Vistara's sticky wage problem holds lessons for the Tata Group

Disgruntled pilots have been calling in sick, as reported, in protest against pay revisions as part of the Vistara's merger with Air India.
Disgruntled pilots have been calling in sick, as reported, in protest against pay revisions as part of the Vistara's merger with Air India.

Summary

  • Vistara is under regulatory scrutiny after scores of its flights got either cancelled or delayed this week. An Air India merger inevitability, a sticky-wage problem or does Tata need to reinforce group culture?

Vistara is under regulatory scrutiny after scores of its flights got either cancelled or delayed this week. India’s aviation regulator has asked the airline for daily status reports on its flights, which have been disrupted by a crew shortage.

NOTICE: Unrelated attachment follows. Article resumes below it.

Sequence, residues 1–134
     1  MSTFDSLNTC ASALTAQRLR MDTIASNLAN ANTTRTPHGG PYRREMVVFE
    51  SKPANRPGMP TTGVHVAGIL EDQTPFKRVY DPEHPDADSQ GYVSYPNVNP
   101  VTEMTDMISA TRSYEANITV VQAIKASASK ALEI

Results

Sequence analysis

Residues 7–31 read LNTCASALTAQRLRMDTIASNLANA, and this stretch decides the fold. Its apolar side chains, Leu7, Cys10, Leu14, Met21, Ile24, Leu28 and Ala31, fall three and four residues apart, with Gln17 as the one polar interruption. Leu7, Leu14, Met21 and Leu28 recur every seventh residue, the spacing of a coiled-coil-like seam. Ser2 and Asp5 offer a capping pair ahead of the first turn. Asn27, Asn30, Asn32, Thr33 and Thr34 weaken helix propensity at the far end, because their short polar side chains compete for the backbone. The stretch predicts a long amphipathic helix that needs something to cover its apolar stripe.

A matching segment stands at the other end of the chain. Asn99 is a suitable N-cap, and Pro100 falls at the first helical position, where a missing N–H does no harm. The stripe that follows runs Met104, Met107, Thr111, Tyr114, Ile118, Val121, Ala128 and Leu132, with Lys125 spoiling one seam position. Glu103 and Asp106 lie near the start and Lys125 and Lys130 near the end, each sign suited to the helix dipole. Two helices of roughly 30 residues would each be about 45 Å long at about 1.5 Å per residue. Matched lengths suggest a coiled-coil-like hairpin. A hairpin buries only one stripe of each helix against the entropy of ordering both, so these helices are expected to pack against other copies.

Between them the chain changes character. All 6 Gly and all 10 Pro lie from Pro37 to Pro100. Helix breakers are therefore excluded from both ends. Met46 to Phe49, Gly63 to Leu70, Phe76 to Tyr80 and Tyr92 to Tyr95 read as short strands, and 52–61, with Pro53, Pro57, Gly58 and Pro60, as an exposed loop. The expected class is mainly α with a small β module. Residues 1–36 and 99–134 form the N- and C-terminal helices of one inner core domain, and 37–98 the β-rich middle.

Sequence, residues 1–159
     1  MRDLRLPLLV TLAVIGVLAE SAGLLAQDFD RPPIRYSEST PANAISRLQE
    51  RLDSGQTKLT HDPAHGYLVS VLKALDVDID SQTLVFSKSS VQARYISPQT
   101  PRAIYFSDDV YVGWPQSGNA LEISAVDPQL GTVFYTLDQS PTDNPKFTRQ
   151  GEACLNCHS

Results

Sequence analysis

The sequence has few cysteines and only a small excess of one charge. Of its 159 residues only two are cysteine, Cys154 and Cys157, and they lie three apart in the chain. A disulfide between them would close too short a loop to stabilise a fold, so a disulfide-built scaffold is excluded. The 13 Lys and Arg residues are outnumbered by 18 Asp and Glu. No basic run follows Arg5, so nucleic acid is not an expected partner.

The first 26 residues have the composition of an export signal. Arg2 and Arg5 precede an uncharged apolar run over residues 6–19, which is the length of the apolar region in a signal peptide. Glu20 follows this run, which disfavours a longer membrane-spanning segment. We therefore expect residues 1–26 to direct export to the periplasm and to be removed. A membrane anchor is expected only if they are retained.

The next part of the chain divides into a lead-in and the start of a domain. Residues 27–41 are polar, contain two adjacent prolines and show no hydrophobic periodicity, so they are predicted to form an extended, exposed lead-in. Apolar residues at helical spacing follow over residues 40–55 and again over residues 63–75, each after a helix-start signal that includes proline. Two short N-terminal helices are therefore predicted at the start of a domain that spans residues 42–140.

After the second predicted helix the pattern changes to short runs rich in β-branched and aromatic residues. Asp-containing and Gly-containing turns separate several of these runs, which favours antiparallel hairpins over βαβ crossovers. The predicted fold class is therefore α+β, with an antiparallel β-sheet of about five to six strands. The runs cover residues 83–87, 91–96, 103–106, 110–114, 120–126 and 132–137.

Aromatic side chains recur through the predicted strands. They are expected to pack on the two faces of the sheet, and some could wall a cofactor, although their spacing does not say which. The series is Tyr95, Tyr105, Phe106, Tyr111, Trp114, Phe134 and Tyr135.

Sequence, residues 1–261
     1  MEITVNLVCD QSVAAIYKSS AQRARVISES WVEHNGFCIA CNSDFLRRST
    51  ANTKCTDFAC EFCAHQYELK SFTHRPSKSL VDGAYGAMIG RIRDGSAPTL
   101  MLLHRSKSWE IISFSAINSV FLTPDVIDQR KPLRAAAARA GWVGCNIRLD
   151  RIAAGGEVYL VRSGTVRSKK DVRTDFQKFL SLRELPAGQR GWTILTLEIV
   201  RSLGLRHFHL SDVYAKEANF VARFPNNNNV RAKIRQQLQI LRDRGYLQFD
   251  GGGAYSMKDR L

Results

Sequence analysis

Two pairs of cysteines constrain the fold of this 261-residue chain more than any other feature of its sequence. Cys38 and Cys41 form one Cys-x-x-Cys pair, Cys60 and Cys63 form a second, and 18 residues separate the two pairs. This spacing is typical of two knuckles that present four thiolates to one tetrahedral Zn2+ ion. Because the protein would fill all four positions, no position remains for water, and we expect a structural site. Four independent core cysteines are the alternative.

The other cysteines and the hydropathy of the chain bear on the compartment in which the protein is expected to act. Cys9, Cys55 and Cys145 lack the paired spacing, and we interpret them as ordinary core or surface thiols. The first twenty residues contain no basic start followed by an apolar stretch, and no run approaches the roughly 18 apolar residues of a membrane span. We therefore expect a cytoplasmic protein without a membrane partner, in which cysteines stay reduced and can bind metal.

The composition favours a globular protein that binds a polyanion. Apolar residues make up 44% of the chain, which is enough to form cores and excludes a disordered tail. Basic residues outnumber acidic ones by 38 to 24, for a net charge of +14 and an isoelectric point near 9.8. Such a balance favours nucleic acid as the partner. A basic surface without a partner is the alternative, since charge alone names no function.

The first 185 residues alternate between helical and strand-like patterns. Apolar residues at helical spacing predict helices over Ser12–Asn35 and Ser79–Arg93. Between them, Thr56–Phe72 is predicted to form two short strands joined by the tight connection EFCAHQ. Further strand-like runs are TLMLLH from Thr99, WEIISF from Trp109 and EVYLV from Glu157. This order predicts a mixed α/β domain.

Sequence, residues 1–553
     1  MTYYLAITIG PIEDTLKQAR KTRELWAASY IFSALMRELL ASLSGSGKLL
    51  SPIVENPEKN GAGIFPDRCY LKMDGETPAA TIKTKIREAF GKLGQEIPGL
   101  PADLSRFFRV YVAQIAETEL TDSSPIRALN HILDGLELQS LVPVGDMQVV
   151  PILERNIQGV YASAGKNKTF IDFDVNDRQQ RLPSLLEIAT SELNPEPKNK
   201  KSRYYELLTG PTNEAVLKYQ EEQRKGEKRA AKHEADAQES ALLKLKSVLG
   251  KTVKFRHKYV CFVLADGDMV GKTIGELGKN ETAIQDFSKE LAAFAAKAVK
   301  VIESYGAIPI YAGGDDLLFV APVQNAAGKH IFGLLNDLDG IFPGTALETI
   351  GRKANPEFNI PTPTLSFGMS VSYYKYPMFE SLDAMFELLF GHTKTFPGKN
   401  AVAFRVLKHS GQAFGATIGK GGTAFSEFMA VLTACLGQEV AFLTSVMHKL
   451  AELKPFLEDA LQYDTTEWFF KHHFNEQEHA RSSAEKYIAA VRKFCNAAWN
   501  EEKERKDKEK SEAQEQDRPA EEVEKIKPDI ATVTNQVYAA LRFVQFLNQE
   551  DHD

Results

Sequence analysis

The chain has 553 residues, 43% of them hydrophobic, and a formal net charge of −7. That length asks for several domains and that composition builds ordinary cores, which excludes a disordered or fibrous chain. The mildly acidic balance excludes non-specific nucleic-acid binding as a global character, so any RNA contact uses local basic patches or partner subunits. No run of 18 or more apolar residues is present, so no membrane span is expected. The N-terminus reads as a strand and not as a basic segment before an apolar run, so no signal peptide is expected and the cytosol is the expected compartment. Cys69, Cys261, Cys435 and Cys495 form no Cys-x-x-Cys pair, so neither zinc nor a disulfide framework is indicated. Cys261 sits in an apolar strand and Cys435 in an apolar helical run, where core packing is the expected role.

Disgruntled pilots have been calling in sick, as reported, in protest against pay revisions as part of the airline’s merger with Air India. Their new package guarantees pay for 40 flying hours a month, down from 70 hours earlier. Other work-related changes have also irked pilots, resulting in a standoff. The airline has been trying to minimize disruption by flying bigger planes to carry more passengers on fewer flights. It has also trimmed its flight schedule, but flyers have been complaining. Employee harmonization complications are not uncommon in mergers of this scale. 

For the Tata Group, which is overseeing the integration and has rarely had human resource trouble of this kind, the episode may hold lessons. Its sterling reputation as an employer hasn’t stopped even well-paid professionals from using coercive tactics for pay bargaining, it seems. An inevitability of expansion? Sticky-wage problem? Or does it need better inculcation of group values?

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